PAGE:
Through five editions, The 36-Hour Day has been an essential resource for families who love and care for people with Alzheimer disease. Whether a person has Alzheimer disease or another form of dementia, he or she will face a host of problems. The 36-Hour Day will help family members and caregivers address these challenges and simultaneously cope with their own emotions and needs.
Featuring useful takeaway messages and informed by recent research into the causes of and the search for therapies to prevent or cure dementia, this edition includes new information on
• devices to make life simpler and safer for people who have dementia
• strategies for delaying behavioral and neuropsychiatric symptoms
• changes in Medicare and other health care insurance laws
• palliative care, hospice care, durable power of attorney, and guardianship
• dementia due to traumatic brain injury
• choosing a residential care facility
• support groups for caregivers, friends, and family members
The central idea underlying the book—that much can be done to improve the lives of people with dementia and of those caring for them—remains the same. The 36-Hour Day is the definitive dementia care guide.
About the Author
Nancy L. Mace, MA, is retired. She was a consultant to and member of the board of directors of the Alzheimer’s Association and an assistant in psychiatry and coordinator of the T. Rowe and Eleanor Price Teaching Service of the Department of Psychiatry and Behavioral Sciences of the Johns Hopkins University School of Medicine. Peter V. Rabins, MD, MPH, is a professor of the practice in the Erickson School of Aging Management Services at the University of Maryland, Baltimore County. He was the founding director of the geriatric psychiatry program and the first holder of the Richman Family Professorship of Alzheimer Disease and Related Disorders in the Department of Psychiatry and Behavioral Sciences of the Johns Hopkins University School of Medicine.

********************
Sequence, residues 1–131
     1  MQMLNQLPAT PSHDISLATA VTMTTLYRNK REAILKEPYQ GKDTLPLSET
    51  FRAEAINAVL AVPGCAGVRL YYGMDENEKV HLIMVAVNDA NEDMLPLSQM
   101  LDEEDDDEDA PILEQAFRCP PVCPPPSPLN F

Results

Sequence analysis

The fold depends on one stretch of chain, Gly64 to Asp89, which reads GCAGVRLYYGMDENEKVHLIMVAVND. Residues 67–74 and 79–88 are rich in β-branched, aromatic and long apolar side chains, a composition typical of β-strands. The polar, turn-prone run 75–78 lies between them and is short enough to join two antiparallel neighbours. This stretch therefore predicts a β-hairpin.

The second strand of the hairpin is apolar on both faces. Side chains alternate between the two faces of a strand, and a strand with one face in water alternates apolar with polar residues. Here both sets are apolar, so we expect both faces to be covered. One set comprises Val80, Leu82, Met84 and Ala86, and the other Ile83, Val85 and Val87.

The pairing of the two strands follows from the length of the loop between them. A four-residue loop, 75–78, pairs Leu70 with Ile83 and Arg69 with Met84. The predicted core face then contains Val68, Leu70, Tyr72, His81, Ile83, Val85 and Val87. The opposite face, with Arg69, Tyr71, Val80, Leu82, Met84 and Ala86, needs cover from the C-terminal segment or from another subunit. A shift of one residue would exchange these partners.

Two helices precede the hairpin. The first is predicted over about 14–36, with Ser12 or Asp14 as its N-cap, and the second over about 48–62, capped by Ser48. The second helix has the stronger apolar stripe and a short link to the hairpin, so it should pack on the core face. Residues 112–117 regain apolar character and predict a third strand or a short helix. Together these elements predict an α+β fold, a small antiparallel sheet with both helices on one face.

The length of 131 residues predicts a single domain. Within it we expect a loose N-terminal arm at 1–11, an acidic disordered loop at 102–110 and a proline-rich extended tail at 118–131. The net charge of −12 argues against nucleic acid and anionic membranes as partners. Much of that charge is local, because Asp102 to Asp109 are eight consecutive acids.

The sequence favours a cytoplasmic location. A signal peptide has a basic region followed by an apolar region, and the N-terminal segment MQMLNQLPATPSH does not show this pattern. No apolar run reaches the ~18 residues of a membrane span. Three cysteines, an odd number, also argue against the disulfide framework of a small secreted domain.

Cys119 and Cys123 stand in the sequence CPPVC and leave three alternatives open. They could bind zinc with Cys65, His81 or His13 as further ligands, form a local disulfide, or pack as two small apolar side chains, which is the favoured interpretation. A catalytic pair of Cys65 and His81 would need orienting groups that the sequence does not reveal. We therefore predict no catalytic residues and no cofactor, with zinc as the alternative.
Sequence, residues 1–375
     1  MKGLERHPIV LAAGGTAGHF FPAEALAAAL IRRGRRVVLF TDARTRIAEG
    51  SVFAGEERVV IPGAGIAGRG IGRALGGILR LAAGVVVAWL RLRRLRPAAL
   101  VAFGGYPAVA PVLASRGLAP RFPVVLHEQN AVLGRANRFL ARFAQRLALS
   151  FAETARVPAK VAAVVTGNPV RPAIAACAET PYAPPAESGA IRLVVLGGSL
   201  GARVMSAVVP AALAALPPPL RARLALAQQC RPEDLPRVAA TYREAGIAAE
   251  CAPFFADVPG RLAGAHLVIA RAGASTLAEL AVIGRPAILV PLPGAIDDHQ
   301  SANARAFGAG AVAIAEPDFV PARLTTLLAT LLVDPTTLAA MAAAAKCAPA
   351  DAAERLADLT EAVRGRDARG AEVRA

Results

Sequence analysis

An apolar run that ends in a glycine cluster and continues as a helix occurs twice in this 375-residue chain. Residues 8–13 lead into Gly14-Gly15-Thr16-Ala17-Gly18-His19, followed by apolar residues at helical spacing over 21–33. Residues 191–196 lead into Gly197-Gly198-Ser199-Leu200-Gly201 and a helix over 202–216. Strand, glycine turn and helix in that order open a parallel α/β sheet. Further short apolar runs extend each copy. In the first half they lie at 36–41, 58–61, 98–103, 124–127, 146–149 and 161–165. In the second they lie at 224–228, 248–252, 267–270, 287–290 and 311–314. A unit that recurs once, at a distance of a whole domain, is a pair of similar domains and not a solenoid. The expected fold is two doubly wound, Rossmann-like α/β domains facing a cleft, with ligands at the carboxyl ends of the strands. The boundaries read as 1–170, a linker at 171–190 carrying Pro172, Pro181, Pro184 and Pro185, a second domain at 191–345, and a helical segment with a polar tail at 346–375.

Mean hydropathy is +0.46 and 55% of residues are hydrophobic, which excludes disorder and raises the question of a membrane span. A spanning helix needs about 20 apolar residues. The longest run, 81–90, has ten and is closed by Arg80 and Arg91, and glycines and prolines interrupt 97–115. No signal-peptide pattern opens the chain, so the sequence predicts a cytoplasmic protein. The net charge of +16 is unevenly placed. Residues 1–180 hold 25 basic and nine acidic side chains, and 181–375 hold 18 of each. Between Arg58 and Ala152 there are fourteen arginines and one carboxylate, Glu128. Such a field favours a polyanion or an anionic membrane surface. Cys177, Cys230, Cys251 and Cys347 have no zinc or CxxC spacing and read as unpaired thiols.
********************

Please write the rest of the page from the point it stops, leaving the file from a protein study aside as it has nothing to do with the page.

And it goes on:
Nancy L. Mace, M.A., now retired, was a consultant to and a member of the board of directors of the Alzheimer's Association and an assistant in psychiatry and coordinator of the T. Rowe and Eleanor Price Teaching Service of the Department of Psychiatry and Behavioral Sciences at the Johns Hopkins University School of Medicine.
Table of Contents
2. Getting Medical Help for the Person Who Has Dementia
3. Characteristic Behavioral Symptoms in People Who Have Dementia
4. Problems in Independent Living
5. Problems Arising in Daily Care
6. Medical Problems
7. Managing the Behavioral and Neuropsychiatric Symptoms of Dementia
8. Symptoms Associated with Mood Change and Suspiciousness
9. Special Arrangements if you Become Ill
10. Getting Outside Help
11. You and the person Who Has Dementia
12. How Caring for a Person Who Has Dementia Affects You
13. Caring for Yourself
14. For Children and Teenagers
15. Financial and Legal Issues
16. Long-Term Care Arrangements
17. Preventing and Delaying Cognitive Decline
18. Brain Disorders and the Causes of Dementia
19. Research in Dementia
What People are Saying About This
"Having lived the chapter and verse of The 36-Hour Day for twenty years, I know how this book empowers families with constructive and compassionate advice. This new edition offers definitive testament to the slow destructive force of Alzheimer’s disease and how it challenges families caring for loved ones with dementia. It is a must read by all those who serve our aging generation."
"Thorough and compassionate, offering accessible information and practical advice, The 36-Hour Day is a necessary resource for families living with dementia. Still the gold standard, this book is the trusted reference that families turn to firstand over and overfor guidance and support in caring for someone with Alzheimer’s disease."
"We yearn for the day when there is no Alzheimer’s, no Alzheimer patients, and no Alzheimer caregivers.Until then, there is The 36-Hour Day."
"From its knowing title to its knows-everything contents,The 36-Hour Day"gets" what you're going through. This encyclopedia of dementia care misses no aspect of life affected, from tough behaviors to challenged relationships to medication decisions describing each with both the honesty and compassion we caregivers deeply need."